Half the world’s beaches to disappear by 2100
Published: 2 March 2020
A group of scientists from IHE Delft and Deltares, and led by the European Commission’s Joint Research Centre, have today published the first global projections of how sandy beaches around the world are expected to change over the course of the next century. Their findings emerge from combining 35 years of satellite observations with 80 years of climate and sea level changes as predicted by a range of climate models.
Climate mitigation and adaptation challenges ahead
The study shows that without climate mitigation and adaptation almost half of the world’s sandy beaches are under threat of near extinction by the end of the century. In addition to the loss of valuable ecosystems, the associated socioeconomic implications would be severe, especially in tourism-dependent communities where sandy beaches are the main tourist attraction. Small Island nations are among these more vulnerable regions.
In most parts of the world, the projected shoreline dynamics are dominated by sea level rise (RCP4.5 and 8.5), meaning that moderate greenhouse gas emission mitigation could prevent up to 40% of the projected shoreline retreat globally.
Sandy beaches currently account for more than 30% of the world’s coastlines. They are important natural habitats and serve as natural buffer zones that protect the coastline and coastal ecosystems from waves, surges and marine flooding. Their function as shock absorbers will become increasingly important with the rising sea levels and more intense storms that are expected from climate change. In many cases these same beaches also provide important coastal recreational areas and are fundamental to the livelihoods of millions. Today around 10% of the global population currently lives in low-lying coastal zones that are less than 10 m above sea level; a number which is expected to rise.
Different challenges for different countries
Discussing the significance of the findings, Rosh Ranasinghe, Professor of Water Science and Engineering at IHE Delft, highlights their importance at both global and national levels.
“This is the first time fully probabilistic (as opposed to deterministic) projections of future coastline change have been provided at global scale, and as such the utility of the projections are high for emerging risk-informed coastal management/planning frameworks.” He added that in addition to the global outlook, the group’s findings also provide country-by-country analyses that indicate major coastal adaptation needs for different countries.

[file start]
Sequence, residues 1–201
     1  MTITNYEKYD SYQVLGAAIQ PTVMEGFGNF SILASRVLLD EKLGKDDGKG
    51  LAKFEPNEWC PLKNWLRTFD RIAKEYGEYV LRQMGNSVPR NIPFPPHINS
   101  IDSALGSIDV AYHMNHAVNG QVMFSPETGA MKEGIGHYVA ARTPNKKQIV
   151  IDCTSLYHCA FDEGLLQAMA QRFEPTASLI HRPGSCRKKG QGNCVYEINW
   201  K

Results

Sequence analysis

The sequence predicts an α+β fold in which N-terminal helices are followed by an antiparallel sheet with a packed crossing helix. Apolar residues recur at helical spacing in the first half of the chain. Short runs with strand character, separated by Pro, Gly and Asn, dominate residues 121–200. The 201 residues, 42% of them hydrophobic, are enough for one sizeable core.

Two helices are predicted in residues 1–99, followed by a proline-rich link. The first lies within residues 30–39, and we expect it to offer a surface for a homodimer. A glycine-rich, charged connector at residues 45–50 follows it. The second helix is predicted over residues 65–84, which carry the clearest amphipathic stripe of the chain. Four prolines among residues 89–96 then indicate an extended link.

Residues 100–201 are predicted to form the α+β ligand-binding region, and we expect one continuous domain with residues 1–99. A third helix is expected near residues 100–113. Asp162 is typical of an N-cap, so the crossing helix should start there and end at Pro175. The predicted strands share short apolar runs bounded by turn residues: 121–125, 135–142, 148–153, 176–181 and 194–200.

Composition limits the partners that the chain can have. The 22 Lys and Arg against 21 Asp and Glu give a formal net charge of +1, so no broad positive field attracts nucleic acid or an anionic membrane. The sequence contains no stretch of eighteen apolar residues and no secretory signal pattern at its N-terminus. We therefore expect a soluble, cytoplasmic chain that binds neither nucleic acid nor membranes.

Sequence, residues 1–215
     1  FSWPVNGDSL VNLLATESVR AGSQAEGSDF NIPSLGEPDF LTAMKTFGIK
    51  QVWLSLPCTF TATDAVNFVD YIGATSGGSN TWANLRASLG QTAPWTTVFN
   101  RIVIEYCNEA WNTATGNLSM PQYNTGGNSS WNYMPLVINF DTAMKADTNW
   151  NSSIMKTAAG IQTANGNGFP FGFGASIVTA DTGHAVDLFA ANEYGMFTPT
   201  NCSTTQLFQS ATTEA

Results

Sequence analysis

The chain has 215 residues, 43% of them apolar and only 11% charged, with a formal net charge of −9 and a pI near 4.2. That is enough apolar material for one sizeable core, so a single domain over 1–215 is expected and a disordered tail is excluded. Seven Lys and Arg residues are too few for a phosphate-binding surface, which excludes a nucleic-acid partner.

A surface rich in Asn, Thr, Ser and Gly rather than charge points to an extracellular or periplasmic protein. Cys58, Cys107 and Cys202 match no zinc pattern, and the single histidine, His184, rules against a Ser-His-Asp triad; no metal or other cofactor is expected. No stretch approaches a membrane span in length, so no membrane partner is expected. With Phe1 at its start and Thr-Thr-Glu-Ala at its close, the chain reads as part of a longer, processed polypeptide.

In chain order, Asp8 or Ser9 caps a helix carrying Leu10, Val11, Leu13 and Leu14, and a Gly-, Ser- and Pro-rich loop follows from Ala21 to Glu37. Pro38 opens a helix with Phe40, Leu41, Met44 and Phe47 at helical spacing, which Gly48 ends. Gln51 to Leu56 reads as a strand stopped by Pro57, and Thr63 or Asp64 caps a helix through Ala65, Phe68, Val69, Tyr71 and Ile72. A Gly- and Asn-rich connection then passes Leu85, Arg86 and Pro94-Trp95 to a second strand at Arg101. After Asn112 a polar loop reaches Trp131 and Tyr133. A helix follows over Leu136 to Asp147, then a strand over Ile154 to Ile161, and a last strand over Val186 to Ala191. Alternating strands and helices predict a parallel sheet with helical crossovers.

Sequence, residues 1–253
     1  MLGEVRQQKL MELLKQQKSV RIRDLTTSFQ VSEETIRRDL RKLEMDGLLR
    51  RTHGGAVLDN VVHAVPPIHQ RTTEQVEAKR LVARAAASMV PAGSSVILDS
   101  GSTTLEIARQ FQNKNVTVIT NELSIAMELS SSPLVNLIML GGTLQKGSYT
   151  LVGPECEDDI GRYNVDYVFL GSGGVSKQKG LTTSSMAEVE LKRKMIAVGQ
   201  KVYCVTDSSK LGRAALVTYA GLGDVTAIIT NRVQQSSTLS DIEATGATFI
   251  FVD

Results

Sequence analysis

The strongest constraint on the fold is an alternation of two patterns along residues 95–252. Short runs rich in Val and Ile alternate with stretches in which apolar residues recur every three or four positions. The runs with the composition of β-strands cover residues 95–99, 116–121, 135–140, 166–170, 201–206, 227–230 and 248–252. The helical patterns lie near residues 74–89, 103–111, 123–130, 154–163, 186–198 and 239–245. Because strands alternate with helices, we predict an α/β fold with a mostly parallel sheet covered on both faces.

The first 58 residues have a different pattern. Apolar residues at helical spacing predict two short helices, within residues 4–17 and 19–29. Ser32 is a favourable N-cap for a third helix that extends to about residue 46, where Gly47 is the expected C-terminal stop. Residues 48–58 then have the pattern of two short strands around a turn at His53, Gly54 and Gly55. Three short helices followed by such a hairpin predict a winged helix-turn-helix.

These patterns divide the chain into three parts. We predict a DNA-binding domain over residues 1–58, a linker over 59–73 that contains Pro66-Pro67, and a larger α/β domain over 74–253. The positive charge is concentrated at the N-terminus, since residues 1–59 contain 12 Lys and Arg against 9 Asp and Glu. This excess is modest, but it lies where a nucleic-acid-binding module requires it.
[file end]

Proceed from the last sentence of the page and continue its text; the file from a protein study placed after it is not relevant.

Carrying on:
“By the end of this century several countries, including Congo, Suriname, Comoros, Benin, Pakistan, Guinea and El Salvador could face losing more than 80% of their sandy coastlines. In terms of total length of coastline, Australia emerges as the potentially most affected country with 12,324 km – 15,439 km of sandy coastline threatened by erosion.”
Arjen Luijendijk, researcher at Deltares and TU Delft, sees a positive message from the present analysis as well: “While SLR will drive shoreline retreat almost everywhere, many locations show ambient erosive trends related to human interventions. The erosion could be avoided by more sustainable coastal zone management practices. Site-specific coastal planning can mitigate beach erosion, like we do in The Netherlands. Assuming a continuation of the present Dutch nourishment policy and its effectiveness until 2100 will result in sufficiently wide beaches at the Holland coast, that can cope with the projected shoreline retreat due to future sea level rise of up to 1 m and extreme storms”.
Deltares contributed to the study by providing global data on the ambient historical shoreline change rates, sandy beach occurrence maps and coastal slopes. The global future shoreline data for RCP4.5 and RCP8.5 will be added to the ShorelineMonitor per sandy transect in the next days.
You can read the full Nature Climate Change article, titled ‘Sandy coastlines under threat of erosion,’ here.
The projections detailed in the Nature article is intended to contribute to Chapter 12 of the Working Group I contribution to the sixth assessment of the Intergovernmental Panel on Climate Change (IPCC AR6), which will be finalized next year.
- Dr Michail Vousdoukas is a Scientific Officer in the Disaster Risk Management Unit of the European Commission’s Joint Research Centre.
- Professor Rosh Ranasinghe is the Head of IHE Delft’s Department of Coastal & Urban Resilience & Risk and holder of the prestigious AXA Chair in Climate change impacts and coastal risk. He is also coordinating lead author of IPCC AR6.
- Dr Arjen Luijendijk is an expert in the field of global shoreline dynamics and morphological modelling of nature-based solutions at Deltares.
- Luc Feyen is a researcher at the European Commission’s Joint Research Centre.
- Lorenzo Mentaschi is an oceanographer at the European Commission’s Joint Research Centre.
- Theocharis Plomaritis is a coastal oceanographer specialized in sediment transport, coastal morphodynamics and associated hazards during high energy low frequency from events at the University of Cadiz.
- Panos Athanasiou is a PhD candidate working on coastal hazards and coastal risk assessment at Deltares and the University of Twente.